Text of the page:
Plaintiff in obtaining injunctive relief. 


Accordingly, the Court concludes that Plaintiff is not likely to succeed on the merits of its 

challenges to the state and municipal antidiscrimination laws under either the Free Exercise Clause 

or the Establishment Clause. 


2. Irreparable Harm 

The Court next considers whether Plaintiff has shown a threat of irreparable harm. “To 

succeed in demonstrating a threat of irreparable harm, ‘a party must show that the harm is certain 





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and great and of such imminence that there is a clear and present need for equitable relief.’” S.J.W. 

ex rel. Wilson v. Lee's Summit R–7 Sch. Dist., 696 F.3d 771, 778 (8th Cir. 2012) (quoting 

Roudachevski v. All–Am. Care Ctrs., Inc., 648 F.3d 701, 706 (8th Cir. 2011)). “The loss of First 

Amendment freedoms, for even minimal periods of time, unquestionably constitutes irreparable 

injury.” Elrod v. Burns, 427 U.S. 347, 373 (1976); see Phelps-Roper v. Nixon, 509 F.3d 480, 485 

(8th Cir. 2007), modified on reh'g, 545 F.3d 685 (8th Cir. 2008) (“If [appellant] can establish a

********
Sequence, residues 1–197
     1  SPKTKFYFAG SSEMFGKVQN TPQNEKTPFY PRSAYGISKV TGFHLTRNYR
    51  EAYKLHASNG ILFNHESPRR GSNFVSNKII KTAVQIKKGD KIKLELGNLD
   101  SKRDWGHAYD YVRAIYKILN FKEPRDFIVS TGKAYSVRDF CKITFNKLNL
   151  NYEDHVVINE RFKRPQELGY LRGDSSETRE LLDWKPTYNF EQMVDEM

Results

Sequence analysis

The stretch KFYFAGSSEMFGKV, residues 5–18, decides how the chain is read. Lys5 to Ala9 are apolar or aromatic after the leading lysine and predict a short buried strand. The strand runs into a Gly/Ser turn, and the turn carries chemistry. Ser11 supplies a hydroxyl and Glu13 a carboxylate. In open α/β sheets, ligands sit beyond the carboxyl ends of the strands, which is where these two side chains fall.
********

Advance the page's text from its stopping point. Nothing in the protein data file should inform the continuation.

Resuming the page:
substantial likelihood of success on the merits of her First Amendment claim, she will also have 

established irreparable harm as the result of the deprivation.”). However, because the Court 

concludes that Plaintiff is not likely to succeed on any of the constitutional grounds it cites in its 

application for injunctive relief, such relief is unwarranted. See Powell v. Noble, 798 F.3d 690, 

702 (8th Cir. 2015) (“[A]s we have concluded Powell is unlikely to succeed in showing his First 

Amendment rights have been violated, we agree with the district court that Powell has not shown 

a threat of irreparable harm that warrants preliminary injunctive relief.”); Rounds, 530 F.3d at 738 


n.11 (“[W]ithout a showing that it will likely prevail on its [First Amendment] claim . . . 

[appellant's] asserted threat of irreparable harm is correspondingly weakened in comparison to the 

State's (and the public's) interest . . . . If the movant cannot show that it is likely to prevail on the 

merits, there is no reason at the preliminary injunction stage for the courts to disturb a duly elected 

legislature's attempt to balance these interests.”). 

Plaintiff has failed to make the threshold showing of a likelihood of success on the merits 

of its claims supporting its motion for preliminary injunction. Consequently, the Court does not 

address the remaining factors that dictate whether to grant such an injunction. 





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For the reasons stated, Plaintiff’s Motion for Preliminary Injunction [ECF No. 9] is 

DENIED. The State Defendants’ Motion to Dismiss [ECF No. 23] is DENIED. The City’s 

Motion to Dismiss [ECF No. 25] is DENIED. Additionally, as stated in footnote 4, the Court 

grants Plaintiff leave to amend its Verified Complaint [ECF No. 1] by October 28, 2016. 




Dated this 14th day of October, 2016.